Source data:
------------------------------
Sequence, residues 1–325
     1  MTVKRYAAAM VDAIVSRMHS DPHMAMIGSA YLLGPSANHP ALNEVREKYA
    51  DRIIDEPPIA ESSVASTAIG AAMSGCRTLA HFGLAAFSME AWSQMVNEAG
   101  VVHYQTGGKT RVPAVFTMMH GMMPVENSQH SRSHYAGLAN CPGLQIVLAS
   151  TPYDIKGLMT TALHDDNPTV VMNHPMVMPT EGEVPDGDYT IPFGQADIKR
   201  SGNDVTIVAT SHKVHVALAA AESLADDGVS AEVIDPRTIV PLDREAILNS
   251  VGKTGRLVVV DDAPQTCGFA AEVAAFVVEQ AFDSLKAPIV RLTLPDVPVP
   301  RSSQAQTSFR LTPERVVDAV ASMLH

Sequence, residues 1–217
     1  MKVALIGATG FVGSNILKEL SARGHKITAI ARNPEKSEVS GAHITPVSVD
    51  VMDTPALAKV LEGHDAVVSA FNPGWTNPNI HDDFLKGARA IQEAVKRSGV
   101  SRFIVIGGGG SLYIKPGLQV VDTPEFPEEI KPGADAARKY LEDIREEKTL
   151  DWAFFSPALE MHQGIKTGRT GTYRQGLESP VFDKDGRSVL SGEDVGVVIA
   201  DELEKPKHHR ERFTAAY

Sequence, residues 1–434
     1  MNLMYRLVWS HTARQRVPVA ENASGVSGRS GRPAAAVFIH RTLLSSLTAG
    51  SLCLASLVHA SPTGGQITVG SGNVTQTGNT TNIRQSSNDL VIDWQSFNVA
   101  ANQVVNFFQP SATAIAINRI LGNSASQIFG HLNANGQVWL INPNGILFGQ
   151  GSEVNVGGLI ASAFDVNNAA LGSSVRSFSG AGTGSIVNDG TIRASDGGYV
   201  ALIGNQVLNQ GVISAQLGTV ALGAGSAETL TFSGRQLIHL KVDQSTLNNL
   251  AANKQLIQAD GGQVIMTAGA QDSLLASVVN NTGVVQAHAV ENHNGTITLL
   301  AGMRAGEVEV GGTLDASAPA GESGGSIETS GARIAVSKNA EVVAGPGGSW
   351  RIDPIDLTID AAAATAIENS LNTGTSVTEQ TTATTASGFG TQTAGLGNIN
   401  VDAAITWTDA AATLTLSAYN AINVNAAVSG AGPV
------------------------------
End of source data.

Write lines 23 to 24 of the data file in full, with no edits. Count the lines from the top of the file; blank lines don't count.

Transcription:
   351  RIDPIDLTID AAAATAIENS LNTGTSVTEQ TTATTASGFG TQTAGLGNIN
   401  VDAAITWTDA AATLTLSAYN AINVNAAVSG AGPV